Finding Your Roots airs Tuesdays at 8:00 pm beginning October 3, and is available to stream.
It took the genealogists of Finding Your Roots more than 10,000 hours to track down the family histories of the 28 celebrities who appear on the show’s fourth season. The four-person team from Lineages, led by Johni Cerney, scours digitized archives of public and private records, speaks to family members, utilizes DNA testing, and examines every conceivable sort of old document to unearth ancestral narratives and find long-lost relatives.
“There’s actually more information than we have time to find,” Cerney says. “We basically take a shotgun approach and use every tool possible. We have to dig deeply and it can be a challenge, but we have a passion for this, so we stick it out.”
According to CBS News, genealogy is now a multi-billion dollar business, the second most-popular hobby in the U.S., and second only to porn in most-visited website categories. A thriving industry, including Lineages and Ancestry.com, has cropped up around Salt Lake City, where the Church of Latter Day Saints has amassed the largest collection of genealogical and historical records in the world, which is free and searchable by the general public. (Genealogy is an important pursuit for Mormons, who believe in sealing together families for eternity by performing marriages or baptisms for deceased relatives who did not undergo those rites while alive.) But when Cerney founded Lineages in 1983, genealogy was a niche world with far fewer resources at its disposal.
“Back then, finding information was a very arduous task. We had to slog through rolls and rolls of microfilm,” she explains. “Maybe a family moved every two or three years, so we had to send someone to all those locations to do research. We did the best we could, but there were a lot more holes and a lot less historical and biographical information. Now, we have this explosion of the internet, so we have to pick and choose what we’re going to focus on. We could never tell the stories then that we can tell today. It gets easier and easier as each year passes, with so much digitization of records.”
That’s not to say that difficulties have disappeared – those 10,000 hours don’t just evaporate. Some countries, like Germany, lacked national registration during the nineteenth century, so Cerney and her team have to unearth the specific hometown of an ancestor in order to track down local records. In 1922, during the Irish Civil War, a fire damaged Ireland’s Public Records Office, resulting in the destruction of most of the country’s national records; genealogists have to work around this massive loss.
And sometimes records are simply hard to find, or people have the same names, as was the case with the ancestors of Ava DuVernay, who appears in this season of Finding Your Roots. “We spent 600 hours looking into just three generations of that family,” Cerney says. “We were finally able to use the signatures of people with similar names to determine who belonged to her family group.”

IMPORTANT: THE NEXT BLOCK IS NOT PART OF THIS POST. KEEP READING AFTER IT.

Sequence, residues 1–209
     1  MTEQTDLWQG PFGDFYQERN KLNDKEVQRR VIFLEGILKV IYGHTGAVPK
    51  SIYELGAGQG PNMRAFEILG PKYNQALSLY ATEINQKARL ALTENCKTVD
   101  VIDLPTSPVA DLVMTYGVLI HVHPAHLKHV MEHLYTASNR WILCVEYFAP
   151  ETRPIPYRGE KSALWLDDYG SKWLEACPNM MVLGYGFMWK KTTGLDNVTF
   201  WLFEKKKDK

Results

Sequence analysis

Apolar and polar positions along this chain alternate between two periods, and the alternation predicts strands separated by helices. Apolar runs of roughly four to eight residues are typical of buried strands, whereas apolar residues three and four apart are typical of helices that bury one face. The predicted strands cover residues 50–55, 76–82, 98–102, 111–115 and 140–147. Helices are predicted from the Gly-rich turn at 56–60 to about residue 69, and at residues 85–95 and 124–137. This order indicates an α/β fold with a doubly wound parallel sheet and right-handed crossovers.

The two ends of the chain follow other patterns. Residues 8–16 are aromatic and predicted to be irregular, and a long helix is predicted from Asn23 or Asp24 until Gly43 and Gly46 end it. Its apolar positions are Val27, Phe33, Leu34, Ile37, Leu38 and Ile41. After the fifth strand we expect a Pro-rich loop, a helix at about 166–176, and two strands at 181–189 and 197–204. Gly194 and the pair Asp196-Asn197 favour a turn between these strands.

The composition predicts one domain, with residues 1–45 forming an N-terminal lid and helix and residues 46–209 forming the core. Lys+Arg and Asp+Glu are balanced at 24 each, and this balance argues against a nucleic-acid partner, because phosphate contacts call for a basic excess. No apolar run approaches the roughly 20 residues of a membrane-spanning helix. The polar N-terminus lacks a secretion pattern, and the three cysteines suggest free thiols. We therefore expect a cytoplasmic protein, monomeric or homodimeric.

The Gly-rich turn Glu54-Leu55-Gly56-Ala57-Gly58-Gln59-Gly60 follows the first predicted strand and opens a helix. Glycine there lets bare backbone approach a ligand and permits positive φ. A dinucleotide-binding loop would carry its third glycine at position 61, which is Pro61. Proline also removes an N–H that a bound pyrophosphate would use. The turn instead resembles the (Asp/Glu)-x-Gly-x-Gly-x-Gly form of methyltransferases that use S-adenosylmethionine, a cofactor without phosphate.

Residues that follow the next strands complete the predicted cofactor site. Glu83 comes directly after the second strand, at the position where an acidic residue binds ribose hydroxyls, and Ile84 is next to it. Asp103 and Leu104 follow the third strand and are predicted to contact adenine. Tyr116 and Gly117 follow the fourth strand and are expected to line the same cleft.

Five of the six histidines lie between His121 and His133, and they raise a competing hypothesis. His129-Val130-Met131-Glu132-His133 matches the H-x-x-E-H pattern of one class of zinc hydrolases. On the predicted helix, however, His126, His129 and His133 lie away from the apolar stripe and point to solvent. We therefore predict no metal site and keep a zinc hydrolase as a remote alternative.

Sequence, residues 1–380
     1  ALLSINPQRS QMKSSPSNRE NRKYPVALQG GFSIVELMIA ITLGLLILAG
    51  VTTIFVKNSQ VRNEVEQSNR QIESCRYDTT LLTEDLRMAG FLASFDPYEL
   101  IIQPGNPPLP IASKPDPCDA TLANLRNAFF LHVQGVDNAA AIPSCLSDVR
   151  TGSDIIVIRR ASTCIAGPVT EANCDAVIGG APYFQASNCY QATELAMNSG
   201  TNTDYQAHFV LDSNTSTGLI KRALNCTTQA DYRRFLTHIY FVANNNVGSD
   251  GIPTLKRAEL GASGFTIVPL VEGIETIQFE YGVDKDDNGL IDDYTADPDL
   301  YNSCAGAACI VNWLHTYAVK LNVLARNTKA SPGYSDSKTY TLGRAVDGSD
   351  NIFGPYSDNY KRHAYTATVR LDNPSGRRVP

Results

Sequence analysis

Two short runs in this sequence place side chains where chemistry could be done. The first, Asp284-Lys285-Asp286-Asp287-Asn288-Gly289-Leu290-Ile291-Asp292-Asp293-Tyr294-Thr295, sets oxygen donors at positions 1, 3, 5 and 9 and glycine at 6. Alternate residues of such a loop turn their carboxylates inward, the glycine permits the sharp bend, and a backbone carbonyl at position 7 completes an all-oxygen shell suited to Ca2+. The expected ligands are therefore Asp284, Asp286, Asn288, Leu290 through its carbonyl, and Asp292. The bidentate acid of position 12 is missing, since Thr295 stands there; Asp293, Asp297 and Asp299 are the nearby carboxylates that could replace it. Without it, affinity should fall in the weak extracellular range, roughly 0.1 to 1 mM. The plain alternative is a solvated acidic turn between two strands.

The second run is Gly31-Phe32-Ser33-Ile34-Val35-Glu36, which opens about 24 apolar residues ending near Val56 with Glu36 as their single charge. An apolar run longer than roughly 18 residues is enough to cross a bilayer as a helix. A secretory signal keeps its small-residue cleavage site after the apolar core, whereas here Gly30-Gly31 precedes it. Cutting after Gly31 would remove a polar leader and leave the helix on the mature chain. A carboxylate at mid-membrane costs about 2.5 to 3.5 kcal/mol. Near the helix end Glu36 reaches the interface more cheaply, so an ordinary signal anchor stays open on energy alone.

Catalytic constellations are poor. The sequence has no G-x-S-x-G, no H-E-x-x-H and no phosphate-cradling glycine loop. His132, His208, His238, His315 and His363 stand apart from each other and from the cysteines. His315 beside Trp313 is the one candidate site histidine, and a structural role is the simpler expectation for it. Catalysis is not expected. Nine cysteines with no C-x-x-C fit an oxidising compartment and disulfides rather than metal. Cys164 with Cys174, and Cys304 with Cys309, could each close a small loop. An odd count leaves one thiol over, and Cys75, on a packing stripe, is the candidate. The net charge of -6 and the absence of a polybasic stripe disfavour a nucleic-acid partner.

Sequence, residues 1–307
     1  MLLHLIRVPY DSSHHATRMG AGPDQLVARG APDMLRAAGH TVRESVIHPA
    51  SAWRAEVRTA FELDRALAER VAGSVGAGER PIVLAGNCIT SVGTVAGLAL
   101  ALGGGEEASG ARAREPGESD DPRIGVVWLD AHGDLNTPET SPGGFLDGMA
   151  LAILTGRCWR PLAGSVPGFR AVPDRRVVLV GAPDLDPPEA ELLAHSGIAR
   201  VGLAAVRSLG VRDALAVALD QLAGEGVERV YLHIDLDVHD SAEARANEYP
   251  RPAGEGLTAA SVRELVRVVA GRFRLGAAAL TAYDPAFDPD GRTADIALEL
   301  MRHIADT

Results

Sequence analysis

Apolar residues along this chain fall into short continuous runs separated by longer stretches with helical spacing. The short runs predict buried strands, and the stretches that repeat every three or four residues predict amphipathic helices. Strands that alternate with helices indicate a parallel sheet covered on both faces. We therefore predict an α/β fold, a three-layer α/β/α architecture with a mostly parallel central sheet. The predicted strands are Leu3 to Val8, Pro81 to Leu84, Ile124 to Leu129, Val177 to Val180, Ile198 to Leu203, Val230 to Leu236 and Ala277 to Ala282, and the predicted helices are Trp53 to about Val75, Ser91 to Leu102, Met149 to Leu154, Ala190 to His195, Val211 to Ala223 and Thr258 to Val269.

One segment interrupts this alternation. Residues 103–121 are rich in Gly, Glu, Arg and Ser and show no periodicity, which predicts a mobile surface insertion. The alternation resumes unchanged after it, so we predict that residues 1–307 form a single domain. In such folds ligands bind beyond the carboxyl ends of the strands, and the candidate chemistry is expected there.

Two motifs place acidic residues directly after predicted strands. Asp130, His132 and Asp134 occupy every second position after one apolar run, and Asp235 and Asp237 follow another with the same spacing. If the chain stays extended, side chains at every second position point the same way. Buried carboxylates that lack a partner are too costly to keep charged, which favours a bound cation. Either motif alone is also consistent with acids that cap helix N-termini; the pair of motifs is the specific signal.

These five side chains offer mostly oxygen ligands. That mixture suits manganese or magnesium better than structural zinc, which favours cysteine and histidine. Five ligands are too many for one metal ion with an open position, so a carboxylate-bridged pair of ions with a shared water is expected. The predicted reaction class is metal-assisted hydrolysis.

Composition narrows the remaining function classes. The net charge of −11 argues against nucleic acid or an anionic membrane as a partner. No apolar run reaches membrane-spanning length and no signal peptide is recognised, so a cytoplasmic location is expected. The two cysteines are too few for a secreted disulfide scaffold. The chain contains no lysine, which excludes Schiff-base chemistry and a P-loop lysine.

Cerney first became interested in genealogy when she was in her late teens. Her adopted grandmother expressed regret that she didn’t know who her real parents were. “We were very close, so I wanted to find out for her,” Cerney recalls. In 1969, she decided to study genealogy at Brigham Young University in Utah, which was the only university at the time that offered a program in genealogy.
When she graduated, however, she couldn’t find a way to make a living as a professional genealogist, so she joined the military. After ten years, she left and discovered that genealogy had begun to catch on. Interest in family histories had been kindled by the 1977 TV miniseries Roots, which followed a family of West Africans over generations from the enslavement of their forebear through emancipation, while the Mormons had expanded their collection “unbelievably,” she says. “That really launched professional genealogy.”
It has only grown since then. Cerney attributes the boom of the past decade or so to the advent of DNA testing and the massive advertising campaigns of testing firms. (DNA testing has proved an invaluable tool to genealogists.) The digitization of records has also surely played a role. And she modestly suggests that the popularity of Henry Louis Gates, Jr.’s various family history-oriented PBS programs – African American Lives from 2006 and 2008, 2010’s Faces of America, and Finding Your Roots, all of which employed her as lead genealogist – have contributed to the explosion of interest.
Today’s clients are seeking something different from those of the early days, Cerney notes. “Before, people were mainly interested in adding names to their family tree. Now, we have to place ancestors in a context: what did they do for a living, who were their neighbors, what impacted this family, why did they leave this place?” Genealogists have become social historians.
Yet Cerney was only recently able to explore her own past. A few years ago, she found out through DNA testing that she did not have the same father as her siblings. That fact, paired with her adopted grandmother, restricted her avenue of research to a single family line, through her mother. She eventually discovered a half-sister, again through DNA. Did she ever find her grandmother’s parents? “I never found out during her lifetime, unfortunately. But last year, I did find out who her mother was.” After decades in genealogy, Cerney has found her roots.